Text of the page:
Mauna Road

Two missions up into the saddle this week to go comet watching. Comet C/2020 F3 NEOWISE is rising in the northeast, blocked from view at home by the mauna, need to drive up to where I can see it.

With the comet as an excuse to get out well before dawn I may as well add a few secondary missions to the plan…

Make sure the drone batteries are charged for a few flights to photograph the saddle scenery at sunrise. The lava fields are spectacular at sunrise, one of my favorite places on the island.

The next mission is to photograph pueo along old Saddle Road. I tried two times, both times not a single bird to be seen. Where are the owls?

In any case a couple memorable trips into the dawn.

Looking down the Mauna Loa access road towards Mauna Kea
Looking down the Mauna Loa access road towards Mauna Kea

ʻŌhiʻa Forest

While the beaches may be closed during the pandemic, most of the trails are open. Deb and I did a little walking on the Puʻu Oʻo Trail while coming back over the hill from Hilo.

Nothing unusual to report, no rare native birds. As the ʻōhiʻa are not in bloom few birds were in evidence. Even without blooms or birds this is always a pretty trail, a rugged landscape over recent lava flows and the pioneer plants found on these flows.

Watching Mauna Loa

Being an inveterate volcano watcher, I have not only been watching the new flow on Kilauea, but keeping a wary eye on Mauna Loa as well. The USGS has steadily been increasing the alert level on this largest of the Hawaiian volcanoes over the last year.

On this unstable rock we live, we get a fair number of earthquakes. Of course not every bump you feel is seismic, sometimes it is just a big truck on the highway. You look on the USGS Recent Earthquakes page anyway, just to see what it was. Not this time, must have been a truck. While I have the page loaded I look about… Wait? What is that cluster on the NW flank of Mauna Loa? I do not remember seeing that before!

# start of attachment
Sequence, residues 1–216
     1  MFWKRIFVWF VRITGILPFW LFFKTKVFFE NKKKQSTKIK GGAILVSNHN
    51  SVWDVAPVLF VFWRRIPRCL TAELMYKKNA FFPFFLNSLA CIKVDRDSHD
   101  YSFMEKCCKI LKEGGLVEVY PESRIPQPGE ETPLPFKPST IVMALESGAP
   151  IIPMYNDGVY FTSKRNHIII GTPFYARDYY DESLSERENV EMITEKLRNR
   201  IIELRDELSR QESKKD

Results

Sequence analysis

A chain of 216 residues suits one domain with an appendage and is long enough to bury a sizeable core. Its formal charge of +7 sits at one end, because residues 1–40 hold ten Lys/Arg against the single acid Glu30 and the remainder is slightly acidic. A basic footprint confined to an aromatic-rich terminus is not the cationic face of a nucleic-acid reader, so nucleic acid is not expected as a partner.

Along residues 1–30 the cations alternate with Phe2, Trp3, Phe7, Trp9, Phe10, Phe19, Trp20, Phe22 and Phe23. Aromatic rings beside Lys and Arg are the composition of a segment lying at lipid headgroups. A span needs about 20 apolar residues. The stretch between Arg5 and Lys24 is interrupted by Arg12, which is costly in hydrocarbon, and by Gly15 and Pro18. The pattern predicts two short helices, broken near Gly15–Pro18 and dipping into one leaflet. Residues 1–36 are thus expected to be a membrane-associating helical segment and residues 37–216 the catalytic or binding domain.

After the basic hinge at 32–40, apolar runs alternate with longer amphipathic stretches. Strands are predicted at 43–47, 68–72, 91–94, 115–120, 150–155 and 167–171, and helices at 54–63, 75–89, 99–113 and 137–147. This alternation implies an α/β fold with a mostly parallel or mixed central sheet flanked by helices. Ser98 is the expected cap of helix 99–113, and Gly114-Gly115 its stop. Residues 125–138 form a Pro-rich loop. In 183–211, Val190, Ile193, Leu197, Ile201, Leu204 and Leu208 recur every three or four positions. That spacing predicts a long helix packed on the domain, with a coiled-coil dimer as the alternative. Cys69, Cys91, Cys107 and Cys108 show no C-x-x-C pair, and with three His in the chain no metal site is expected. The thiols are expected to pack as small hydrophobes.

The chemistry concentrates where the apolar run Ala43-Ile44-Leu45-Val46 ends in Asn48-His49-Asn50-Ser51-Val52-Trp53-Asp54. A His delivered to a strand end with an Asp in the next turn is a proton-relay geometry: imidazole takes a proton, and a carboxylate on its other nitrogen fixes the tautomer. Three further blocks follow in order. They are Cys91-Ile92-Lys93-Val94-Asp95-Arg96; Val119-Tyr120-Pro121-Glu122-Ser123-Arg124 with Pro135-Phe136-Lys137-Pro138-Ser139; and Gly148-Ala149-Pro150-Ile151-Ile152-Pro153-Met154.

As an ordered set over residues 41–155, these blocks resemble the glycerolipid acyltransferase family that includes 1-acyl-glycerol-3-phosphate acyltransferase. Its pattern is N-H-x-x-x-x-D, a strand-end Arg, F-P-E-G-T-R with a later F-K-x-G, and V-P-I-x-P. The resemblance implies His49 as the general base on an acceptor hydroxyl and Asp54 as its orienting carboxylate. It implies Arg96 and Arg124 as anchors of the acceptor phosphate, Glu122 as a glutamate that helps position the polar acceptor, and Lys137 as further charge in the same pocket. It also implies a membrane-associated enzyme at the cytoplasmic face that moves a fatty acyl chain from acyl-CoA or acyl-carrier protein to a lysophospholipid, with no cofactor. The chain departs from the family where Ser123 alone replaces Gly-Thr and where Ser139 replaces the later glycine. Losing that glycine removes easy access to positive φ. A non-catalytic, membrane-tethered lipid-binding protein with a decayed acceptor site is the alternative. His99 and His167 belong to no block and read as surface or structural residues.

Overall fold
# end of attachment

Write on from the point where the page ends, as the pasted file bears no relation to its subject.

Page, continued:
For the last year or more there has been a steady cluster of small earthquakes just to the southwest of the main caldera. This notable cluster is usually visible when you stop by the earthquake page and indicates magma motion below the summit. It is a big part of why the USGS has upped the advisory level. The cluster on the west flank looks new to me, a lot of small quakes, some deep, some as shallow as 600m.

I am sure someone over at the USGS is looking at the same cluster and asking the same questions. Maybe they have better answers, but they have not published anything yet. Maybe, like so many times before this cluster will fade away, not to appear again. It is however a reminder that magma is moving down there, the mountain is swelling, someday she will erupt again.

Today I will be driving up and down the mountain. I know I will be looking across the saddle at the looking bulk of Mauna Loa and wondering for the thousandth time. Will I see an eruption from her during my years on island?

HVO Earthquakes 15July2016
HVO earthquake plot for 15July2016